Building a cat scratch post for your cat can be a fun weekend activity that the whole family can get involved in. 

Materials needed are:

  • a base plate to attach the upright posts to,
  • some upright posts,
  • board to cut resting shelves from,
  • screws, brackets, glue, carpet and sisal rope.

Any sturdy board of sufficient size can be used (I used left over melamine board) for the base. For the uprights, timber is the easiest to work with, however PVC pipe can also be used (I had some timber left over and purchased some PVC pipe to cover the central uprights).  Resting shelves need to be of sufficient size to allow the cat to comfortably sit or sleep on (I used left over craft wood and melamine board).  L shaped brackets are an easy and sturdy way to attach your uprights to the base plate, any timber screws of sufficient length can be used to attach brackets and shelves, glue should be able to work on multiple surfaces, so that carpet, sisal rope etc can be attached to timber or PVC pipe.

The first step is to decide where to place your uprights and attach the L brackets to the base plate. It’s easiest to attach the carpet to the base plate before attaching the uprights. So glue the carpet to the base and wrap it around the edges and glue and staple to bottom of the plate.
5 Attach the uprights (the higher the better as cats love it up high, I opted for 150cm height for top platform). Make sure that the platforms to get to the top are not further than 60-70cm apart so your cat can easily jump it.
Attach the platforms for resting on. If you have opted for PVC pipe the easiest way to attach a platform is to use pieces of timber with the corners planed down to slide inside the pipe and then screw through the PVC pipe into the timber (I used left over 75mm x 75mm timber post and 90mm diameter pipe)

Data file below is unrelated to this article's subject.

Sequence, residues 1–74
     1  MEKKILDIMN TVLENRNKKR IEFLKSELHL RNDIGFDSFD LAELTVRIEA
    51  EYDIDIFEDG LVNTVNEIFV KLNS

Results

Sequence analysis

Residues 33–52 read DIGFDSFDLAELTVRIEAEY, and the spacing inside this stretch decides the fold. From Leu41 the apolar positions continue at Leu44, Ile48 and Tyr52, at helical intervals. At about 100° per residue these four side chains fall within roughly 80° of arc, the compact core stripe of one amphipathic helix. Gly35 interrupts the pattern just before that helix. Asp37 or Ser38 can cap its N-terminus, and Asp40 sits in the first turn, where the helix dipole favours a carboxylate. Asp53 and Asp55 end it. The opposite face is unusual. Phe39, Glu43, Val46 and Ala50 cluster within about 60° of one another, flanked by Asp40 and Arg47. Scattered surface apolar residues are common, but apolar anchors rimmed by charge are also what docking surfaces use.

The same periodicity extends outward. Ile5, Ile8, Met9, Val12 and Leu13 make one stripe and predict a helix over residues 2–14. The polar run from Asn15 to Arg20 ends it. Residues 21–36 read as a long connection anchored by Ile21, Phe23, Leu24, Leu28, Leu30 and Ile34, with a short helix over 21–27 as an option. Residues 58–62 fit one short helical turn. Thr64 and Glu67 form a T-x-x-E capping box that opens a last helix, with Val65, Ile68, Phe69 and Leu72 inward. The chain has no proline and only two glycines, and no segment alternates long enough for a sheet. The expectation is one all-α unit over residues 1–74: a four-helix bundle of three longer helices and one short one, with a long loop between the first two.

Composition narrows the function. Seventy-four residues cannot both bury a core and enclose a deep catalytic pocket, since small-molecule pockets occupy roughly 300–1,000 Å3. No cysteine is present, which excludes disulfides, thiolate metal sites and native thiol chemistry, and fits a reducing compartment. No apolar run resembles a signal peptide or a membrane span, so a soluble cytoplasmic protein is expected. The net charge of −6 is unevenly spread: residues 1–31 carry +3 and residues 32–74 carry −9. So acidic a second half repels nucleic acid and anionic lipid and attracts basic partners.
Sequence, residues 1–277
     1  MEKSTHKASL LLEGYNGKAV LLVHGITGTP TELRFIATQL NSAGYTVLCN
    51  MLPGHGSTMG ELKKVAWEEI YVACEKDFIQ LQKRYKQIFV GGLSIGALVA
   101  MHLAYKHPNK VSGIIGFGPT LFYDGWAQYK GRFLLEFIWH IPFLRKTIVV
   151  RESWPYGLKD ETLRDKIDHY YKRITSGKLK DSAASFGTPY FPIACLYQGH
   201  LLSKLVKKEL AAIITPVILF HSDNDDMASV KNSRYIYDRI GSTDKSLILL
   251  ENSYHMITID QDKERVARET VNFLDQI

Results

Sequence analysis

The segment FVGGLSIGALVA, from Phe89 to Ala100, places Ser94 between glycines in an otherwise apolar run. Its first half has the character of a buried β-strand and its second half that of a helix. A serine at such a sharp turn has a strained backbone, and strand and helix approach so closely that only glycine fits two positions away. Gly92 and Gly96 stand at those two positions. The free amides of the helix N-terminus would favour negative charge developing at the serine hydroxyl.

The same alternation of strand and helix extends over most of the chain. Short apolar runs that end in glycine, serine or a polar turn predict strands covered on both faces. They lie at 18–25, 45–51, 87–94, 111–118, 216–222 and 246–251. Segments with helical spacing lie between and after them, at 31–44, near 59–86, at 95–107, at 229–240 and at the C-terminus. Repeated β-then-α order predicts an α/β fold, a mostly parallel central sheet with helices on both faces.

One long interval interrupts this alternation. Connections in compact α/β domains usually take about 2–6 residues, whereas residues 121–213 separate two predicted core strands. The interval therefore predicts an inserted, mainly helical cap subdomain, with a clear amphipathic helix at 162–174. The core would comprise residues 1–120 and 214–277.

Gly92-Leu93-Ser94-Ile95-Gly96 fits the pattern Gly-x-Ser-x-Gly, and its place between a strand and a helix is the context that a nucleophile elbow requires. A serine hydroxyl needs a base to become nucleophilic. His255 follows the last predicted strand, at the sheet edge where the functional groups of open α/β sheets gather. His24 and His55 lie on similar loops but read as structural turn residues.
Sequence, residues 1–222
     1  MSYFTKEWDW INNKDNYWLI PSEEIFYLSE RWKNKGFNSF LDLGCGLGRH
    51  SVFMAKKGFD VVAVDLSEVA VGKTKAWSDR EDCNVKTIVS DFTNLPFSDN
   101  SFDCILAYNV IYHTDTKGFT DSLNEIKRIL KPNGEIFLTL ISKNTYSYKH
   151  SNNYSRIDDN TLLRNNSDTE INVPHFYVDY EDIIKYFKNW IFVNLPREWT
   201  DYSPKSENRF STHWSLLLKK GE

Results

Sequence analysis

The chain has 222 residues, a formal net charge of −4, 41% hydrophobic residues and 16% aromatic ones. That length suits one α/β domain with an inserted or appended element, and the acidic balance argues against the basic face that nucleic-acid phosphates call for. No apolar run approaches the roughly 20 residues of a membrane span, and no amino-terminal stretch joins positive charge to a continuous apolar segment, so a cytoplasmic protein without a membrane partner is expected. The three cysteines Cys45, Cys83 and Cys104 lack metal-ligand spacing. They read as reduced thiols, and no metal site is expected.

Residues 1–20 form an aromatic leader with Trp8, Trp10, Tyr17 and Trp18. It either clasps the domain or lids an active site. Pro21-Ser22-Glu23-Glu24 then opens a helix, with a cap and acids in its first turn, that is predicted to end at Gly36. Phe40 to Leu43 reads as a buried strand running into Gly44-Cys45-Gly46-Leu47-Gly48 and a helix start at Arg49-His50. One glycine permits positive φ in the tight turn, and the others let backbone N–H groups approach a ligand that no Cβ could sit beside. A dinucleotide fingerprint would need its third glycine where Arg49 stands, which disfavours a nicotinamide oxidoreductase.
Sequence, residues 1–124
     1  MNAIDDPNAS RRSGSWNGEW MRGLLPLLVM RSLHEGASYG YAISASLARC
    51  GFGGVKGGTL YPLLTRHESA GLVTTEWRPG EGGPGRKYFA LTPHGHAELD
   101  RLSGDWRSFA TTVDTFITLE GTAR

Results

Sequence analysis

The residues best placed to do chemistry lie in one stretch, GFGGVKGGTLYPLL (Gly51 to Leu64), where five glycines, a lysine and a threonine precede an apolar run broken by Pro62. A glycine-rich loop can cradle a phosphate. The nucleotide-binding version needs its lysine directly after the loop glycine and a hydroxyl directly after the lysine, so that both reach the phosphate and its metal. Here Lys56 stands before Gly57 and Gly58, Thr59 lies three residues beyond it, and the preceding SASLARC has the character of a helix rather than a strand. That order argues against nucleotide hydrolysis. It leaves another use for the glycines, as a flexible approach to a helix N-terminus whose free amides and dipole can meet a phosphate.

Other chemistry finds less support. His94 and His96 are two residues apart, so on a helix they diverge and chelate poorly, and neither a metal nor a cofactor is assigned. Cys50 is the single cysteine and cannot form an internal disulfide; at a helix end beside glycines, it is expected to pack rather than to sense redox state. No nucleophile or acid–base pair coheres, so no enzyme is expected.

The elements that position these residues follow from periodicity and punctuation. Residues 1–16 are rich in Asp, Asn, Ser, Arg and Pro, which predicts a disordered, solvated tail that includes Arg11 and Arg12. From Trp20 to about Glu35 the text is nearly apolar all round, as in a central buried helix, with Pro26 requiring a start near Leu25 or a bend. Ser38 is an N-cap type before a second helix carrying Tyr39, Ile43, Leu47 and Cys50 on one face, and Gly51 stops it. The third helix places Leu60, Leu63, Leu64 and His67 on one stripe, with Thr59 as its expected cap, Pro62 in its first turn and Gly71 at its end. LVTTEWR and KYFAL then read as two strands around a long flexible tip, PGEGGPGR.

Be creative with your platforms (I opted to have a small platform with holes cut out to hold a planter for cat grass and a water bowl).
Once the platforms are attached glue the carpet to the platforms and uprights. Platforms can be padded and covered in other materials as well (My top platform is padded with foam and pillow stuffing and covered in fake fur).
To offer variety to your cat cover some of the upright with sisal rope, rubber door mats can also be used but these do not glue well. (I used cable ties and tacks to hold them to the post) The more variety of material you offer your cat the more chance they will leave the furniture alone. You can also use bark covered straight thick branches for uprights or smaller ones attached to the uprights to allow some natural materials.
Finally when the glue has dried attach toys or maybe a hammock for your kitty to sleep in. (I use velour fabric and some cotton rope to make a hammock to hang from 4 of the upright posts and accessed by the lowest platform).

Be creative, the internet can provide inspiration as can the left over materials around the house, garage or tool shed. With a little ingenuity your kitty could have hours of fun, and your furniture would be safe from feline enhancement!


Useful Links

Here are some links you may find useful to find information about your pets and their care.